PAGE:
Resource Center

Alcohol Addiction

November 28, 2011 by Angelina Dixson 

University does not match the recovery programs of other schools in nation

As most colleges have a variety of scholarships to fulfill the needs of students, UNLV has a list of many programs and scholarships within their database.

But scholarships for recovered students of alcoholism and substance abuse have not made it to the the university’s list as of yet.

Universities around the country have started launching recovery programs for students seeking resistance from alcoholism and drug addiction. Some universities have even awarded recovering students scholarships just for staying sober and keeping good grades.

“To the best of my knowledge, there’s nothing in the works behind the scenes to create a scholarship institutionally for that,” said UNLV Financial Aid and Scholarships Director Norm Bedford. “There are no donors or no campaigns that I know of through our foundation development actively seeking dollars from private funds to have such a scholarship here at UNLV as well.”

Such a scholarship would be questionable to the student population, as it has its pros and cons. This scholarship would financially assist students just like any scholarship would, but the scholarship title alone can potentially bring forth a negative perception of UNLV as a “party school,” according to Bedford.

Bedford also said it is a bit of a “slippery slope.” Some donors might be offended to be asked to contribute because of possibilities that they may have been psychologically abused by a family member who drank or did drugs. But conversely, there could be another donor who would be willing to contribute because of being a victim of growing up in a family of substance abuse.

Aside from scholarships and recovery programs, there are people who have had the strength to clean up without the assistance of therapy or Alcoholics Anonymous meetings.

“You never get cured from substance abuse. It’s with you for the rest of your life,” said one UNLV student, who wished to remain anonymous. “Whether you’re one of those people who can quit one day and say they never look back, or you’re one of those people who battles it daily – you never get cured. It’s there like a scar. I personally battle constantly, but I have school, I have the love of my family, and the support of my girlfriend to keep me strong on a daily basis.”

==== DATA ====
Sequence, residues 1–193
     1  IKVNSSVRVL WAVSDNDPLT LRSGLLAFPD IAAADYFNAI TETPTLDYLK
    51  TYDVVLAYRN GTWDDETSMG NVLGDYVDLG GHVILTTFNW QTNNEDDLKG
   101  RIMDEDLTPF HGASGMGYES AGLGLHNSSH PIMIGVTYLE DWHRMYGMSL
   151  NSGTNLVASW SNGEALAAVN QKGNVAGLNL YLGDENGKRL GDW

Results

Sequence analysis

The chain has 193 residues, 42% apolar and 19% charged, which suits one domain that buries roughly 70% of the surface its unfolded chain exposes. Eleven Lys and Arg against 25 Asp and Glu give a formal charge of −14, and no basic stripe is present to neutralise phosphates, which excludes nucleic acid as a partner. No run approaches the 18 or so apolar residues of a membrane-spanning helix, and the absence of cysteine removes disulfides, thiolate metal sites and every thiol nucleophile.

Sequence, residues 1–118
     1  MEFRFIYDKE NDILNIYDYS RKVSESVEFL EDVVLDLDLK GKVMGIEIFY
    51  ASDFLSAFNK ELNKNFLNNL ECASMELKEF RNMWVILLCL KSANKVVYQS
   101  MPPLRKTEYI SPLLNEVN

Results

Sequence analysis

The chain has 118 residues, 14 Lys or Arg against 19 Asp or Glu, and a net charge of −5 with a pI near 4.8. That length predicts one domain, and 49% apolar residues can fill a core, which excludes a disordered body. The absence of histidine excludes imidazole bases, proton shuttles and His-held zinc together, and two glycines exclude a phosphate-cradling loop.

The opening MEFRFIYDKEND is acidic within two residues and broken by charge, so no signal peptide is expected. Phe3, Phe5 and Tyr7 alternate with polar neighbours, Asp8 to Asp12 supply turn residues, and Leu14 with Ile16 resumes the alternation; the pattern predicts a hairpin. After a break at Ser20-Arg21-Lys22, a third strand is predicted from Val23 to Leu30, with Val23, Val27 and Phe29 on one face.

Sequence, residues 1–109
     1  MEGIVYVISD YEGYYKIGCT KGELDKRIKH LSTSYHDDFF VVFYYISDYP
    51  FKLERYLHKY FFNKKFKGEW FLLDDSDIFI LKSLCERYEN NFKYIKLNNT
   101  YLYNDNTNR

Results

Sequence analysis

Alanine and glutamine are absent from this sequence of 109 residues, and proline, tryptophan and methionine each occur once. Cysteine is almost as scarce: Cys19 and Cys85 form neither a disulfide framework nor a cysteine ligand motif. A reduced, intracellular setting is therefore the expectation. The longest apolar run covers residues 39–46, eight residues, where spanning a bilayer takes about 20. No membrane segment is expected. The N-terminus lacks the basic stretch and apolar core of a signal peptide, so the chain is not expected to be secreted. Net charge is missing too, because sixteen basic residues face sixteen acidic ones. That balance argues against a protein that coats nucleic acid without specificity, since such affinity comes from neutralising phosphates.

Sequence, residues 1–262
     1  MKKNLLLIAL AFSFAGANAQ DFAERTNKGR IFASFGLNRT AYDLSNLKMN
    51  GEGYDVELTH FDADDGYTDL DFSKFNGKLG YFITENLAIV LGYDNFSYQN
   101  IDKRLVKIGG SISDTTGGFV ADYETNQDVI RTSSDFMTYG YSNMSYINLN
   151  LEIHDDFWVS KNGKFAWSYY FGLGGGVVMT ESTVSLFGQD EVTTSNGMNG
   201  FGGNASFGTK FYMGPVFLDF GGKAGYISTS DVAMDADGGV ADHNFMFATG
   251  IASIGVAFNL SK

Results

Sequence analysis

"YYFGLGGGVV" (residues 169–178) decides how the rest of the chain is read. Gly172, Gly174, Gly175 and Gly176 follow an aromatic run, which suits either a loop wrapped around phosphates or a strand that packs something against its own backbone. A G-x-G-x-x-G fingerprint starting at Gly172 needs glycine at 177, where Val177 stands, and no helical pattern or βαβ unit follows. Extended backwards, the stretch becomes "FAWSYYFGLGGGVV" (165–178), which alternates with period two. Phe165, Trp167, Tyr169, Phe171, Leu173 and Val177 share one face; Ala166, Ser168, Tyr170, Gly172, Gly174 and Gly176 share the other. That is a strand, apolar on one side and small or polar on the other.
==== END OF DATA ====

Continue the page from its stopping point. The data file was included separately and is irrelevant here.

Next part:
The student said she started with drugs when she was young and used them until her mother’s passing, which was the turning point of her life. At that point, she vowed to finish school.

Other people are not affected by alcoholism and substance abuse directly, but become victimized by it as their family members or close friends go through it. Angi Martin is an example of a victim who observed the trials and tribulations her friend went through with alcoholism. After his tragic car accident one night back in 2004, he survived, even with severe head injuries. Following his recovery, he remained sober and went on to college. He also became a speaker who discussed the dangers of drinking and driving before passing away from a brain aneuyrism in 2007.

“The only way it affected the relationship is with the strain and frustration stemming from the several attempts I made to make him realize how dangerous his habit was,” Martin said.

UNLV does offer non-profit programs that can assist students with recovery. The Student Health Center is among the list of programs that offers free health information and health education upon request. Another program offers scholarships to students studying addictions and is also a foundation for returning back to health.

“We, also, have the Student Organization of Addiction Professionals (SOAP) on campus which is open to students interested in addictions,” said UNLV Addictions Specialist and Mental Health Coordinator Larry Ashley. “SOAP is involved at UNLV and the community. The Department of Educational and Clinical Studies offers many programs, both graduate and undergraduate.”

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